6 ways around holiday party health shaming

You’re hosting guests or you are a guest. It’s bound to happen over the holidays. You’re served a cocktail, encouraged to try someone’s new dip, or told to “live a little.”

It’s an all too true scenario with increased functions during the holidays. Even daily routines can be hard to keep on track. If you’re feeling like a salmon swimming upstream, consider the following.

Invites go out at the office for the holiday party. Your face falls when you read the details. You’re forfeiting your workout and you’re going to a restaurant where nothing on the menu fits the way you’ve been eating. OK you compromise, one missed workout this week is not a big deal. You can shift it to tomorrow and if not, you’ve been doing great.

At the party however — politely passing on the cream cheese heavy dips and bread crumb covered casseroles you know will sabotage the last few weeks of diligently dumping sugar and starch — you’re under attack. “You deserve to live a little,” your co-worker tells you. “You’ll work it off tomorrow,” says another.

As if change wasn’t hard enough. Temptation is everywhere all the time. As in vogue as active wear is… and as abundant as the health risks are, there still are more people not engaging in healthy habits. Those of us who do are outnumbered. So how do you handle the saboteurs?

  1. Mentally prepare. Know resistance is coming. It may be threatening to someone that you’re changing and perhaps leaving her behind. Others may be defensive, imagining — however unreasonable — that you’re judging their behavior.
  1. Invite others to join you. Rehearse this if it’s still new to you. Treat your exercise ritual as an appointment. If you have house guests over the holidays, or are a house guest yourself, let others in the house know that you will be going for a walk (or insert your activity) in the morning. Would anyone else like to join you?
  1. Plan ahead. Food sensitivity is a real “thing” today. If you’re turning down the fresh-baked wheat bread at breakfast it might mortify the host who remembered you once loved it. Forewarn a host that though she needn’t go to any extra trouble that there are a few things you have to avoid and you’ll bring something with you — like this delicious dairy-free dip.
  1. Use humor. There comes that moment at the end of a meal. “Would you be interested in dessert?” “Yes, we’re very interested but we’re not going to have some.” Who doesn’t want dessert? You answering first can break the ice and avoid a negative comment.
  1. Rehearse your lines. “Thank you, but that doesn’t agree with me.”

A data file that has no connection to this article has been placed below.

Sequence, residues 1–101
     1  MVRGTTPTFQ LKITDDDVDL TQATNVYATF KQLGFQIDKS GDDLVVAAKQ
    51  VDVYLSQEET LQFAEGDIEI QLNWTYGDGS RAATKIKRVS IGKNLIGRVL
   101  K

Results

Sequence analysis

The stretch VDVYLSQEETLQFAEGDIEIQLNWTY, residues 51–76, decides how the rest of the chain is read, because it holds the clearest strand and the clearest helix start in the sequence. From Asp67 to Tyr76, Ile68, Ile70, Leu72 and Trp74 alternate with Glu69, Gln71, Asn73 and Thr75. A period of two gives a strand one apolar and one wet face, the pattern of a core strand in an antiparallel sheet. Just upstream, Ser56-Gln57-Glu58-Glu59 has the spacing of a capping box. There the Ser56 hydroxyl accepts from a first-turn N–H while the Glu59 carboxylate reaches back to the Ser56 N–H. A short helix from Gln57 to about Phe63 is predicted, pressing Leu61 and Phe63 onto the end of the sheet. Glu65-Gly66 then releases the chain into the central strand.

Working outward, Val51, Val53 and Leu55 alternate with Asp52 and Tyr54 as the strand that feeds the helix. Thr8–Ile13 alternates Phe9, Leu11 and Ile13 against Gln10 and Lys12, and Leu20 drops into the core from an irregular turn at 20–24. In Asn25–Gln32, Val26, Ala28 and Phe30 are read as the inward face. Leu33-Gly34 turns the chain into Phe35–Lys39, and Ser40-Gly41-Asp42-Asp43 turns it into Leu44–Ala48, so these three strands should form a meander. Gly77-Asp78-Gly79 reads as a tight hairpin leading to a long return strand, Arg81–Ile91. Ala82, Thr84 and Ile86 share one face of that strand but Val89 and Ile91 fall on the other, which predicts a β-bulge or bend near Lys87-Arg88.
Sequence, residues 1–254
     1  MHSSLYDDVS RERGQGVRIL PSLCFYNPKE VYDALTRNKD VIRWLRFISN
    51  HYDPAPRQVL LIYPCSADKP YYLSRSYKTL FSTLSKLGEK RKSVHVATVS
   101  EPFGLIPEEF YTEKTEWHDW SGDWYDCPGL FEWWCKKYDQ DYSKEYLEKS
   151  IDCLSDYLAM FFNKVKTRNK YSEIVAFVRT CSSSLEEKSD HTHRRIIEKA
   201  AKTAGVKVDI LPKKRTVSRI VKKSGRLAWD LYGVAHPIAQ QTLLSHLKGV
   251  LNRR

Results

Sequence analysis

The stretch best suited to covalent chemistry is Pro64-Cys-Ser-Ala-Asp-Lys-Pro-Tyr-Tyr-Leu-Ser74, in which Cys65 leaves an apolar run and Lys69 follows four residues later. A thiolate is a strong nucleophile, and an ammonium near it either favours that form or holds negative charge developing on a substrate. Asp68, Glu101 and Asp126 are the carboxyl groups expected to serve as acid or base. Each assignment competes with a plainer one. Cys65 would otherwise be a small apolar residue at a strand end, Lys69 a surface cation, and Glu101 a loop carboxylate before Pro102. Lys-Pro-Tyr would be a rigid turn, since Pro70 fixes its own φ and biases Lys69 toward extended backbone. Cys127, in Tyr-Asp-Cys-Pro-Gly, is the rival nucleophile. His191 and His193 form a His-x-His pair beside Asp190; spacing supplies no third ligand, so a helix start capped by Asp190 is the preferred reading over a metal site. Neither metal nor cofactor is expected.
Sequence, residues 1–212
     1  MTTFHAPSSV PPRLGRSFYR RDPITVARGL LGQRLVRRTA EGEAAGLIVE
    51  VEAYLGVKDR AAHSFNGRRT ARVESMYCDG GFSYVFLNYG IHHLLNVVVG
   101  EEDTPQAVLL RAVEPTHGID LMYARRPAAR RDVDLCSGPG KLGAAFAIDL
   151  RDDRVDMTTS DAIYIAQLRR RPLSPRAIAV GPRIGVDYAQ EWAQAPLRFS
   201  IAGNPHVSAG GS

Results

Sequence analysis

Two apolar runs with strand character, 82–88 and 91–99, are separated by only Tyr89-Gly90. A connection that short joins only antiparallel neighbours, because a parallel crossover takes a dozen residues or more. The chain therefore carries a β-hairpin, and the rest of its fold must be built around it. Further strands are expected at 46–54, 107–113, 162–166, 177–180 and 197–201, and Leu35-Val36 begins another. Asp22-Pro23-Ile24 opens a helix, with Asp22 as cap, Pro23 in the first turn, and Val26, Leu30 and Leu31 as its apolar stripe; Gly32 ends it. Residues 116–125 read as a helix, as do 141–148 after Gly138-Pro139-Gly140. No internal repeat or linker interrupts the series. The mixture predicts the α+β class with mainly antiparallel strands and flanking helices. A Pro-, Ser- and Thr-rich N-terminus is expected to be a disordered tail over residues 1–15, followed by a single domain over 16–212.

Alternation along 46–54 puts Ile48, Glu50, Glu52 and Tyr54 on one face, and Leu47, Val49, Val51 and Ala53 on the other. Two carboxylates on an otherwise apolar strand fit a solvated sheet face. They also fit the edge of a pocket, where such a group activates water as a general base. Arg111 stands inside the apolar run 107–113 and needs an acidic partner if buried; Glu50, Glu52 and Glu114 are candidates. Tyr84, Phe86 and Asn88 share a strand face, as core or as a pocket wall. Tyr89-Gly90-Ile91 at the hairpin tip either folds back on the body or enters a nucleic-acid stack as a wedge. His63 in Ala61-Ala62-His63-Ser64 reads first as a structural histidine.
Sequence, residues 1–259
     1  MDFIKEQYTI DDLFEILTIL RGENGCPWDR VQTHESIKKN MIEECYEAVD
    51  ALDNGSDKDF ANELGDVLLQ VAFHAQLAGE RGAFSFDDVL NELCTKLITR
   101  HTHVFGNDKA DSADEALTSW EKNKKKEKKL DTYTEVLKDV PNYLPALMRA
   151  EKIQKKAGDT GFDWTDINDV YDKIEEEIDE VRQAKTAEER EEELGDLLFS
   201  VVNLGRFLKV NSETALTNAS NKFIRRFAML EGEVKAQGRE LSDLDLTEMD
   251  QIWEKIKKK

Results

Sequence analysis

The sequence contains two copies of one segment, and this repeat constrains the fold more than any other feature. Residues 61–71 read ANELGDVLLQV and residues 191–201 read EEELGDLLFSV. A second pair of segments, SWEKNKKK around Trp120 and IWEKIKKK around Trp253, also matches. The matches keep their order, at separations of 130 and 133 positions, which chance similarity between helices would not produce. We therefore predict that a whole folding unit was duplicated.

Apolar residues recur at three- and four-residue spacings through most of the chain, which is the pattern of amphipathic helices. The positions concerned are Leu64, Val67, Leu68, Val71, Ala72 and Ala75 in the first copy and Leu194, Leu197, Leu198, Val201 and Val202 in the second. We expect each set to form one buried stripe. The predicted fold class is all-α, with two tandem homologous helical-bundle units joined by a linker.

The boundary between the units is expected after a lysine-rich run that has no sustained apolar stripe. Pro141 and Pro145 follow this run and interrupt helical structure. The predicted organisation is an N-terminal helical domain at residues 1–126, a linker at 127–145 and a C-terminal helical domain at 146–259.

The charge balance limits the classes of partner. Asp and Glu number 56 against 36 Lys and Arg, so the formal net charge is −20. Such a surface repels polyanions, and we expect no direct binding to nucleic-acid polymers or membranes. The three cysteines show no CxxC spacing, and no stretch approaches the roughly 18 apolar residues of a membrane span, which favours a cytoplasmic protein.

1. Three bite rule. If you want it, that changes things. Go for three polite bites and leave deprivation behind you. You came, you tasted, and you left without going crazy. Those will be your morning-after thoughts. No one ever died, or gained five pounds from three bites (on a small fork).

Ironically, with cigarettes we’ve swung the other way. At one point it would have been odd to turn down a smoke. Now, you don’t expect someone to light up in your home without asking. Food and exercise acceptance still lags behind.

We’re still in a culture though where if you suddenly start declining a cocktail or saying no to dessert eyebrows go up. If you hit the gym regularly, you’re a health nut. You’re “so good” or even “no fun.” Ask about the non-gluten label on the menu items and someone may think you’re on a fad diet.

At the Friday After Class (FAC) events in college, I didn’t drink. Thirty-some years ago that was abnormal and since most FACs occurred at a bar it was just easier to say I was diabetic. Peer pressure and questions stopped immediately! In reality, I just chose to abstain, but for the first time in my life I was a minority.

You may have to concede that you’re the salmon swimming upstream for now. Do what Dory does, and just keep swimming. The holidays can be stressful enough. Compromise on things that don’t matter; your health is not one. I wouldn’t recommend telling someone you’re pre-diabetic or have thyroid disease to make her feel more comfortable about your food choices but it’s always an option.

Eventually, energy, radiance and a trimmer waist may be contagious for your friends. For now, you’re the one who needs to sleep at night and be at peace about defending herself. Be your own hero.

Debra Atkinson

By Debra Atkinson

Debra Atkinson Is the founder of the Flipping 50 movement and host of the Flipping 50 podcast and TV show available on your iphone, ipad, and Apple TV. She is the author of four books including You Still Got It, Girl! The After 50 Fitness Formula For Women and Navigating Fitness After 50: Your GPS For Choosing Programs and Professionals You Can Trust.

Debra is a contributing blogger on the Huffington Post, ShareCare, Prime Woman, and Livingbetter50. She provides solutions for women approaching 50 or who have already turned the corner on what to eat, how to move, and the mindset for lifestyle change with hormone balance that will make the next years as the best years. Find her resources here.